As noted in last week’s column: It was 20 years ago this month, in October 2001, that Kentucky’s official State quarter galloped onto the national scene. Its motif was a view of “My Old Kentucky Home” and a thoroughbred racehorse.
Interestingly, the Bluegrass State’s quarter dollar almost ended up with a portrait of Abraham Lincoln or a scene of Daniel Boone with a long rifle and a dog.
Today the United States Mint has well-defined processes whereby new coin and medal designs are solicited, reviewed, and decided upon. At the beginning of the State Quarters Program, those processes varied somewhat from state to state, and some were developed on the fly. This was a brand-new coinage program for the United States, innovative in its scope and unprecedented (although our neighbor to the north, Canada, had initiated a similar program for its provinces in 1992).
In Kentucky, Governor Paul E. Patton appointed his wife, Judi (a successful businesswoman and a longtime political activist for women, children, and families), to lead the Kentucky Quarter Project Committee. A call was put out, and would-be coin designers—ranging from schoolchildren to professional artists—submitted some 1,800 ideas. The Committee narrowed these motifs down to 12 semifinalists, including “horse behind plank fence in field, house in background”; “Birthplace of Lincoln”; “Thoroughbred running with jockey aboard”; and “Daniel Boone with long rifle, dog under tree.” The narrowed-down designs were displayed in the front lobby of the State Capitol building in June 1999. They were also published on the Internet.
Citizens were given three days to support their favorites, which they did with gusto, and more than 58,000 votes were tallied. The selections were further narrowed, with Abraham Lincoln in the running with a racehorse. The former president was disqualified, with a state spokesman noting, “The commission threw it out, saying it was artistically unsophisticated.”
The designs were reviewed by the Citizens Commemorative Coin Advisory Committee (a precursor to today’s Citizens Coinage Advisory Committee), the U.S. Commission of Fine Arts (which has advised the president on coin designs since 1921), Treasury Secretary Lawrence Summers, and Governor Patton. As the governor made public appearances around the state, he asked Kentuckians for their opinions, and he finally selected the “Old Kentucky Home” concept that combined state history, family life, and horse racing.
Who created the winning design? According to the Treasury Department, the U.S. Mint itself was the designer of the coin, a position affirmed (in an October 2001 Cincinnati Enquirer article) by Kay Harrod, who coordinated Kentucky’s competition. Bob Farmer, the Commonwealth’s liaison to the Mint for design selection, had cautioned artists that the final design wouldn’t be credited to any single person. The Kentucky Quarter Project Committee said, in an August 22, 1999, memo, that the final design was “influenced” by many entries with shared features in common. In fact, when the Committee took Kentucky’s selected designs to Mint headquarters in a June 1999 meeting, they were told the Mint wouldn’t look at or accept any physical drawings, but would instead discuss only concepts and “the look we wanted.”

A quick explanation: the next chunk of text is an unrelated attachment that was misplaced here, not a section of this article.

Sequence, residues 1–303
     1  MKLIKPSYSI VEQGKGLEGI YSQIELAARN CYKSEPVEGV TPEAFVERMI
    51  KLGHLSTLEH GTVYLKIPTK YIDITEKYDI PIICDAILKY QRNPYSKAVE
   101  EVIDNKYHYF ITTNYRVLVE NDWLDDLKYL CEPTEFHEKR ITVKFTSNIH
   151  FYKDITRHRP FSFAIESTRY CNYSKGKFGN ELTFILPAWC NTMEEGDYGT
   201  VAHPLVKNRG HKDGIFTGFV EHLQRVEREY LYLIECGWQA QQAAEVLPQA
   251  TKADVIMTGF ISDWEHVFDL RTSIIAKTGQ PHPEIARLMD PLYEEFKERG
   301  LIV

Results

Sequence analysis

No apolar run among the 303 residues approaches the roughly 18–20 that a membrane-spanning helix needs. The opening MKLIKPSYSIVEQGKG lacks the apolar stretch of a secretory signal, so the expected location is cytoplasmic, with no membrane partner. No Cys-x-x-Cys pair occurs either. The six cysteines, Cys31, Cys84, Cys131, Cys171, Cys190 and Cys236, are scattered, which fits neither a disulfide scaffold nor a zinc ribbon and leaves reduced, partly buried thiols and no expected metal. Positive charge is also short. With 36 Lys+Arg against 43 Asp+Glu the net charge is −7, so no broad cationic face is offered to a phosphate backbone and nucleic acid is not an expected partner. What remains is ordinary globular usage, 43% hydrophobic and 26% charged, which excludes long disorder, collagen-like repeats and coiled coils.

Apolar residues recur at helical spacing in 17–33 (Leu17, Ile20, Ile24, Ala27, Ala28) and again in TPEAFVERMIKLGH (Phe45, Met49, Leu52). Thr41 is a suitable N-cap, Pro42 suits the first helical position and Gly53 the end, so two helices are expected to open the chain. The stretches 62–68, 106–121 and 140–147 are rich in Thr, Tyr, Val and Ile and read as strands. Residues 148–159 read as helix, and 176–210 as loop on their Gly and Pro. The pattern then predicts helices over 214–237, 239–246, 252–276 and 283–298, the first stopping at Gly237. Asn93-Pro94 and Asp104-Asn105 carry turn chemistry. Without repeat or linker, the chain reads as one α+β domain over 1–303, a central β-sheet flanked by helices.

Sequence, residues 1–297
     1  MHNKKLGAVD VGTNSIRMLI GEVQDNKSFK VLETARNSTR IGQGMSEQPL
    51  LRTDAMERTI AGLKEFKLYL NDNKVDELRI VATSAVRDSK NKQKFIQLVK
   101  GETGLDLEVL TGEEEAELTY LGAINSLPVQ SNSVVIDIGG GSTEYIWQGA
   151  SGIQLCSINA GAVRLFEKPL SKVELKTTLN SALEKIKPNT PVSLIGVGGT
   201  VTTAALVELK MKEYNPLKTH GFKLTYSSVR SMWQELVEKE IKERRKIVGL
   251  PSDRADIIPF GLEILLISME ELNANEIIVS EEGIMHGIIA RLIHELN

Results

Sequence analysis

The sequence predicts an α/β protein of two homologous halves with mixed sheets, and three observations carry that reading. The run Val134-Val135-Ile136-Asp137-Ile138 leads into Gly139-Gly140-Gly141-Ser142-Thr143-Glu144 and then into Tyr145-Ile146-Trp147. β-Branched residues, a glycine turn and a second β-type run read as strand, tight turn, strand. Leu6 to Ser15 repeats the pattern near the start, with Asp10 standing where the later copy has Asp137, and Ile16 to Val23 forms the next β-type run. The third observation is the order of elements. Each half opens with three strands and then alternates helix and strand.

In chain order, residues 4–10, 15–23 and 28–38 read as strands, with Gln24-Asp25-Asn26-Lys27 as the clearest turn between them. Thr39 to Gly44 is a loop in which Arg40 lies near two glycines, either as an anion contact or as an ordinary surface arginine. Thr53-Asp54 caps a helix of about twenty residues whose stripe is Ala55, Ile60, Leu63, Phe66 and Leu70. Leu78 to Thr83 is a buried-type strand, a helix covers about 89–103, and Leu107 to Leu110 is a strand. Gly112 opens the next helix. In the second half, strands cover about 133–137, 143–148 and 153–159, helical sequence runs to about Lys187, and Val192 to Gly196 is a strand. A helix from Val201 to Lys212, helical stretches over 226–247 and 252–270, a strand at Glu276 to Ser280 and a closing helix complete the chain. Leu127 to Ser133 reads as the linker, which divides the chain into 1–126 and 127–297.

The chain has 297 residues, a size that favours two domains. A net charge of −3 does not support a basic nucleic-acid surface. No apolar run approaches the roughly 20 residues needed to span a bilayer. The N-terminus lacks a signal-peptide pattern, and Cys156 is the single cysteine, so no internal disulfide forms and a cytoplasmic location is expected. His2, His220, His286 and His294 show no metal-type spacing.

Mint sculptor-engraver T. James Ferrell was credited with modeling the coin concept (creating the plaster sculpture ultimately used in creating the coinage dies), and his initials, TJF, appear on the quarter under the plank fence. Ferrell was the sculptor of five coins in the State quarter series. Before Kentucky, he had engraved the designs for Georgia and Connecticut (both released in 1999). His work was featured on the quarters of Vermont and Kentucky in 2001, and he sculpted the design for Florida, released in 2004.
A total of 723,564,000 Kentucky quarters were struck for circulation (more than 177 coins for every man, woman, and child in the state, or 2.5 coins for every person in the country in 2001). Add to those more than 3,000,000 coins struck specifically for collectors in brilliant Proof format, and nearly another million minted in silver, and you have a beautiful and historic coin that’s also easy to find for your Kentucky collection.
Dennis Tucker, Honorable Order of Kentucky Colonels, is the publisher of Whitman Publishing, a leading producer of storage and display supplies, reference books, and other resources for collectors and hobbyists. He was commissioned a Kentucky Colonel in March 2021 for his career in book publishing and his promotion of the Bluegrass State’s status as an important subject in numismatics. His column “From the Colonel’s Desk” explores the Commonwealth’s rich connections to American coins, tokens, medals, paper money, private currency, and related artifacts.